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What Is A Child Psychiatrist?

What Is a Child Psychiatrist?

A child psychiatrist is a doctor who specializes in diagnosing and treating behavioral and thought disorders in children. A child psychiatrist uses his knowledge on many factors including biological and psychological factors, in order to devise a treatment plan for a child with behavior and thought disorders. This plan may include medication to help control or minimize certain behaviors or thoughts.

What Does a Child Psychiatrist Do?

If your child has autism spectrum disorder (ASD or autism), a child psychiatrist can be a very valuable member of your child’s care team. Children with autism may have other mood or thought disorders that exist in addition to autism. Disorders, such as obsessive-compulsive disorder (OCD), may occur in children with autism; however, behaviors associated with this disorder can be managed with medication and psychiatric intervention.

A psychiatrist may devise a treatment plan that may involve just your child, your family, or another group. A treatment plan may either include medication or behavioral therapy, in order to reduce negative behaviors. A child psychiatrist can also act as an advocate for your child with other doctors, school professionals, agencies, or other organizations.

What Can I Expect During First Appointment?

Your first appointment, also known as a consultation, will take about an hour. The child psychiatrist will interview both you and your child, in order to gather information. The doctor will check vitals like blood pressure and weight, in order to accurately prescribe necessary medication. A child psychiatrist will discuss your family background for a better understanding of the family dynamics.

You may be asked about your relatives, as well as medical or psychiatric histories. If you have documentation to share with the doctor about certain conditions or behaviors, this is the best time to share them.

A child psychiatrist may ask your child to draw a picture of his family to help further evaluate skills, regardless of your child’s ability to communicate verbally. The doctor will also ask your child simple questions about his family. In devising a treatment plan, your child may be advised to see other doctors for further evaluation.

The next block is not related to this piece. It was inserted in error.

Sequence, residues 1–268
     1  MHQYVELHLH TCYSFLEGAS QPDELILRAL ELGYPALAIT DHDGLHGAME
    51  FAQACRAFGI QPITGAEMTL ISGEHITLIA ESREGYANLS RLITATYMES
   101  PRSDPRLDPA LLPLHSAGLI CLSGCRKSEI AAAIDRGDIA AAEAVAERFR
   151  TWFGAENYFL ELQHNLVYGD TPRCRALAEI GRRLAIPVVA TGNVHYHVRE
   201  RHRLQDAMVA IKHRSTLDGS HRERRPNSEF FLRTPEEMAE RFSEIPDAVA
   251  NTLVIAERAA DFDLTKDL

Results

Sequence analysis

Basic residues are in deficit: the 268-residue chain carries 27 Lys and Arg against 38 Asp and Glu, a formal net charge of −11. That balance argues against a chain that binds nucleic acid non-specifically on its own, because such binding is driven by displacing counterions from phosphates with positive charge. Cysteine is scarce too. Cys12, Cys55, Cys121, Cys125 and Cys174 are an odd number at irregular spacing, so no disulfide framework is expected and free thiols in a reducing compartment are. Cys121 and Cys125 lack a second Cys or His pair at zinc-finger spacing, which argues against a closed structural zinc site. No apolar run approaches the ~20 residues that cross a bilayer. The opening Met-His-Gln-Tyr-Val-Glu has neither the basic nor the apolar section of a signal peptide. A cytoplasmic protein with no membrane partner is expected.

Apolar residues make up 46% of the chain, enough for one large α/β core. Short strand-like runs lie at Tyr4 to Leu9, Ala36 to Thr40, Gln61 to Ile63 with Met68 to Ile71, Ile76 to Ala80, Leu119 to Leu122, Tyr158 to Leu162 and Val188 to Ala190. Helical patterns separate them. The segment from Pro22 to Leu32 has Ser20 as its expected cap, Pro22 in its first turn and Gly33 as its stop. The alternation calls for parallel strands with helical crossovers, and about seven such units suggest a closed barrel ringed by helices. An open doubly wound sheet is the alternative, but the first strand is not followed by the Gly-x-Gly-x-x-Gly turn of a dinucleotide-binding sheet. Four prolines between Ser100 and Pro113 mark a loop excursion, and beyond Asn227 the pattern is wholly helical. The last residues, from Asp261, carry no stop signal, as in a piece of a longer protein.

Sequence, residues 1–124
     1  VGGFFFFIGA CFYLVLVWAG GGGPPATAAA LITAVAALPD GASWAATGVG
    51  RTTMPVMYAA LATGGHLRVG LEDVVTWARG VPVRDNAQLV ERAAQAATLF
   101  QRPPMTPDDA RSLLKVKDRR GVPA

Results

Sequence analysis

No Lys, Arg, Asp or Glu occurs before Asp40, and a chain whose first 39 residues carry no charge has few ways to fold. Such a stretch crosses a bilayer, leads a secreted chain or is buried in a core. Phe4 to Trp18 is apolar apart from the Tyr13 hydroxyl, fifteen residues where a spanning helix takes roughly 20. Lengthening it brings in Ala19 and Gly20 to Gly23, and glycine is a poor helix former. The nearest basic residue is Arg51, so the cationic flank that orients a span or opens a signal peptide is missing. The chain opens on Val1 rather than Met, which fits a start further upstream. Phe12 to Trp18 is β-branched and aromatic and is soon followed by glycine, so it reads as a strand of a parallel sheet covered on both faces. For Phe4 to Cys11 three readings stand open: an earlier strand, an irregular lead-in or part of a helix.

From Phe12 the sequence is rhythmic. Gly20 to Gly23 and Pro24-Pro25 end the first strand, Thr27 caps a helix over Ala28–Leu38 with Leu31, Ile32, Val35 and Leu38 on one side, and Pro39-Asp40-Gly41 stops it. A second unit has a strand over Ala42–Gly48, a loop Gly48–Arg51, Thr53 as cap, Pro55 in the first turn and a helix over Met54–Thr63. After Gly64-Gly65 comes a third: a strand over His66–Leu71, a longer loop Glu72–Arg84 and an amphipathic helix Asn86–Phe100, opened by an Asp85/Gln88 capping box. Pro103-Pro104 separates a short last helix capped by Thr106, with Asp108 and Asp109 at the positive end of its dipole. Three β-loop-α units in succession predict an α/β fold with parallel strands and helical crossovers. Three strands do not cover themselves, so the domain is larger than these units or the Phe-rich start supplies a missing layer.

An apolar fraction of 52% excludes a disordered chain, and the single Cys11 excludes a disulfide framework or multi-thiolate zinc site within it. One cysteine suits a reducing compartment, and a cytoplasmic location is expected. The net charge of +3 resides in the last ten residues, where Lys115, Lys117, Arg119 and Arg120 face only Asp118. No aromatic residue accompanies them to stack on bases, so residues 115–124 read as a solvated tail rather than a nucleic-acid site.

The doctor will schedule future appointments, as well as prescribe any necessary medication to manage abnormal behaviors that may be present in your child. After your child’s consultation, expect to receive a detailed report of the consultation along with diagnoses and a treatment plan.

Reference:

The American Academy of Child and Adolescent Psychiatry. Your Child–Asperger’s Syndrome, retrieved on April 1, 2011, from http://www.aacap.org/cs/root/publication_store/your_child_aspergers_disorder

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Being an RBT for me was extremely fun because where were you going to find a place where you can be completely silly without having to worry what people thought about you? This was the only job that made me feel like I could make a dramatic difference while being myself.

I also liked to be surrounded by people that had the same goals of wanting to help kids and the teamwork made the job much easier and more enjoyable.

Change and progress was the ultimate goal for our kiddos. The early intervention program was seriously only a miracle because I saw changes in the kiddos that from day one, you wouldn’t even recognize who they were.

Changes from being able to utter 3-4 words where they can only make a syllable from when they started, the behavior decreases in which kiddo that used to engage in 30-40 0 self-harm to only half, learning how to wait during games, table work where they use to swipe and drop to the floor if they had to.

My favorite was when the parents would tell us what amazing progress they were making at home. I used to tear up and felt for these parents so much because it was already difficult for them and now, they can trust and rely on ABA and the therapists knowing their goal was ours.

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